Leaping Lesbian Lizard Facts
- Firstly, the Leaping Lesbian Lizard serves as the popular name for a particular New Mexico Whiptail Lizard. But what sets it apart is the fact that it was produced through the inter-breeding of two distinct native species of lizard.
- This astonishing lizard resulted from the mixing of the Little Striped Whiptail and the Western Whiptail. The hybridization of these species produces sterile males, however. But, the resourcefulness of Nature did not stop there.
- That’s because, the species achieved parthenogenesis, which is a type of asexual reproduction. This allows the resulting all-female population to reproduce. Therefore, the unusual lizard actually evolved into a separate species capable of reproduction.
- Furthermore, in fact, this combination of inter-species hybridization and parthenogenesis isn’t unique. It exists in other species within the animal kingdom. That’s due to the fact that the process exists as a reproductive strategy in several other known species of whiptail lizard.
- Finally, the astounding Leaping Lesbian Lizard also holds yet another distinction. This one, however, has nothing to do with any physical aspect of the amazing creature. That’s because this phenomenal reptile currently represents the official state reptile of the state of New Mexico.
Leaping Lesbian Lizard Physical Description
Most notably, the amazing Leaping Lesbian Lizard constitutes a small-to-moderate sized variety of lizard. That occurs due to the fact that the majority of individuals attain a total length measuring between 6.5 – 9.1 in (16.5 – 23 cm). Quite obviously, sexual dimorphism does not appear in this species.
In addition, its natural coloring typically presents as an overall brown or black. However, seven pale yellow stripes also from head to tail. Further, numerous light spots often occur between the stripes. The majority of individuals also have a white or pale blue underside, with a blue or blue-green colored throat.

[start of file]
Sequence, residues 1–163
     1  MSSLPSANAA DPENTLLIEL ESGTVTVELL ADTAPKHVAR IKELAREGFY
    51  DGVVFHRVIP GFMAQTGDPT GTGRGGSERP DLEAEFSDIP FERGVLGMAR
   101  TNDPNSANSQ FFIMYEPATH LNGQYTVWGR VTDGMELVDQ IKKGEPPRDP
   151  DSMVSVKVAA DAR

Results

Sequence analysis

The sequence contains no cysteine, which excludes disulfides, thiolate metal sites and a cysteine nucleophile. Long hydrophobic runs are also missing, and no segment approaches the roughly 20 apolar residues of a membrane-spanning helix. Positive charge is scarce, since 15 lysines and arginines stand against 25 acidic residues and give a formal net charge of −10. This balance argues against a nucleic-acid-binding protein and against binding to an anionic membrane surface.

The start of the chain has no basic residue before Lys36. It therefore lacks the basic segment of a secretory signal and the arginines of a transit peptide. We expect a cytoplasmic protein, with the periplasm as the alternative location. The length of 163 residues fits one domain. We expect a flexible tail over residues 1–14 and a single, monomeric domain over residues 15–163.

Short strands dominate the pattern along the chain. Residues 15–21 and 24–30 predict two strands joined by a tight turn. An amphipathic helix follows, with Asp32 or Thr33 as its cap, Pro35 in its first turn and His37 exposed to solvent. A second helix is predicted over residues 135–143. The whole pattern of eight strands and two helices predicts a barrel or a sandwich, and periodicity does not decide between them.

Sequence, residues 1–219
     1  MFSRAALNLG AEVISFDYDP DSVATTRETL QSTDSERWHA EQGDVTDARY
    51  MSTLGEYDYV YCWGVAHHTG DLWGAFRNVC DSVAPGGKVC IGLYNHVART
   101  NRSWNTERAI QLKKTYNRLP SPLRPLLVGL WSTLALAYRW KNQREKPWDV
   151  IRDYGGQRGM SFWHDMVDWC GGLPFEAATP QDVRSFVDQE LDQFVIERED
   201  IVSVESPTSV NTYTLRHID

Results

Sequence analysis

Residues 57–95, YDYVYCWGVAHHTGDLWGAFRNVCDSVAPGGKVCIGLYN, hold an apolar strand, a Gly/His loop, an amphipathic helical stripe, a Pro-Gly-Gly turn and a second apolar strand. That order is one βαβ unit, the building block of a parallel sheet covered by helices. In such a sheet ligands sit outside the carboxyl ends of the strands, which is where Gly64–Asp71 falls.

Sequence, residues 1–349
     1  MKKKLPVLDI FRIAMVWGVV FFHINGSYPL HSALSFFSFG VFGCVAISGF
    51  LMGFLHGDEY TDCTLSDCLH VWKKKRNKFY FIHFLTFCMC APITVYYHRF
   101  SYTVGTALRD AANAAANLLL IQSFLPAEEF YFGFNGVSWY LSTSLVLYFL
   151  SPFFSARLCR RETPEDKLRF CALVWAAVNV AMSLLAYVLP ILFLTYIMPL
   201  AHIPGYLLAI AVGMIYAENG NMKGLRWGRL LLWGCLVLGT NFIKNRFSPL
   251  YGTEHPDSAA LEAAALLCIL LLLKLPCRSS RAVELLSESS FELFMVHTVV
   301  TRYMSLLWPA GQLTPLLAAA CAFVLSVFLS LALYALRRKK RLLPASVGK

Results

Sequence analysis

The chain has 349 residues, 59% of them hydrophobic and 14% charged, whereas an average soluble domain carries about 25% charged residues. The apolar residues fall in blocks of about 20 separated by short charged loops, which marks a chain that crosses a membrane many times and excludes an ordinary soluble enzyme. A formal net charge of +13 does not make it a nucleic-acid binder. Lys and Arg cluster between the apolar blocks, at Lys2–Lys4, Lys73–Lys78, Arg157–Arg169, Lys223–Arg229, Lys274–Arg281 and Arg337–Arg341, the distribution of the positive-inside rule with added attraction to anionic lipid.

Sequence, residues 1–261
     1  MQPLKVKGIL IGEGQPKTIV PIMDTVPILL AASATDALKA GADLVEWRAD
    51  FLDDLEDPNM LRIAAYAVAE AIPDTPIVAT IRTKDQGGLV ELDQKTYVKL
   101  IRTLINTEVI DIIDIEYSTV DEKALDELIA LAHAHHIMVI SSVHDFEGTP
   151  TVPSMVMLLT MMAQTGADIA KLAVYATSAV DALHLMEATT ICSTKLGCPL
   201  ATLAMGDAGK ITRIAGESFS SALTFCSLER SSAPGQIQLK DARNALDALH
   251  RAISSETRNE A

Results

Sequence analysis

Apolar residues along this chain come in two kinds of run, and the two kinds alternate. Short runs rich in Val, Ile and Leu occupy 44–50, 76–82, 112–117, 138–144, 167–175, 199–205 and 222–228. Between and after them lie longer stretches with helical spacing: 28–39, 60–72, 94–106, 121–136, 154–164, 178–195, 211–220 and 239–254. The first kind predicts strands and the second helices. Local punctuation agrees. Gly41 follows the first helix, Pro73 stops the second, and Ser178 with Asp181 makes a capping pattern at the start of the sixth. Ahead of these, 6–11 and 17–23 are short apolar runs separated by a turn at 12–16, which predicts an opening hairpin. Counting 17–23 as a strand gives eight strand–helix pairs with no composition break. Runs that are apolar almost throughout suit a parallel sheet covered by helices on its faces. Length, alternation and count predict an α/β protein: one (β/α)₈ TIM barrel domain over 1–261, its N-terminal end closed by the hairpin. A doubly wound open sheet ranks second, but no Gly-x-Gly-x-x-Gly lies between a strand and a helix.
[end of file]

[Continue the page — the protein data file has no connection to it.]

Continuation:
Additionally, the body of the Leaping Lesbian Lizard develops a distinctive shape. That appears as distinctly slender, while the tail of the awesome reptile grows comparatively long. In fact, this particular shape, in combination with its coloring pattern, represents an evolutionary adaptation for camouflage in its native habitat.
- Kingdom: Animalia
- Phylum: Chordata
- Class: Reptilia
- Order: Squamata
- Family: Telidae
- Genus: Cnemidophorus
- Species: C. neomexicanus
Leaping Lesbian Lizard Behavior
Furthermore, like most other whiptail lizards, the Leaping Lesbian Lizard evolved as diurnal. Therefore, it is far more active in the daylight hours. It also evolved as entirely insectivorous in nature. In addition, it remains wary, energetic, and fast moving, frequently darting for cover if approached.
But, its reproductive methods separate it from most related types of lizards. When this reptile reproduces, the mother-to-be lays up to four unfertilized eggs. This action most commonly occurs in the mid-summer part of the year. These precious few eggs then typically hatch approximately eight weeks later.
Despite reproducing asexually, and being an all-female species, the Leaping Lesbian Lizard still engages in mating behavior with other females of its own species. Interestingly, a common theory suggests that this behavior stimulates ovulation. This belief occur due to the observed fact that those who do not mate do not lay eggs.
Leaping Lesbian Lizard Distribution, Habitat, and Ecology
Not surprisingly, the truly fascinating Leaping Lesbian Lizard evolved as native to a particularly arid environment. That highly specific range includes the southern United States and also northern Mexico, in North America.
However, even within these two regions, the Leaping Lesbian Lizard has specific areas it inhabits. As a result, in the United States it only appears in New Mexico and Arizona. Meanwhile, in Mexico, the species only lives in the area of Chihuahua.
The New Mexico Whiptail Lizard, as it is also known, also lives in a rather wide variety of semi-arid habitats. These regions include grassland, rocky areas, shrubland, or mountainside woodlands, proving its adaptability.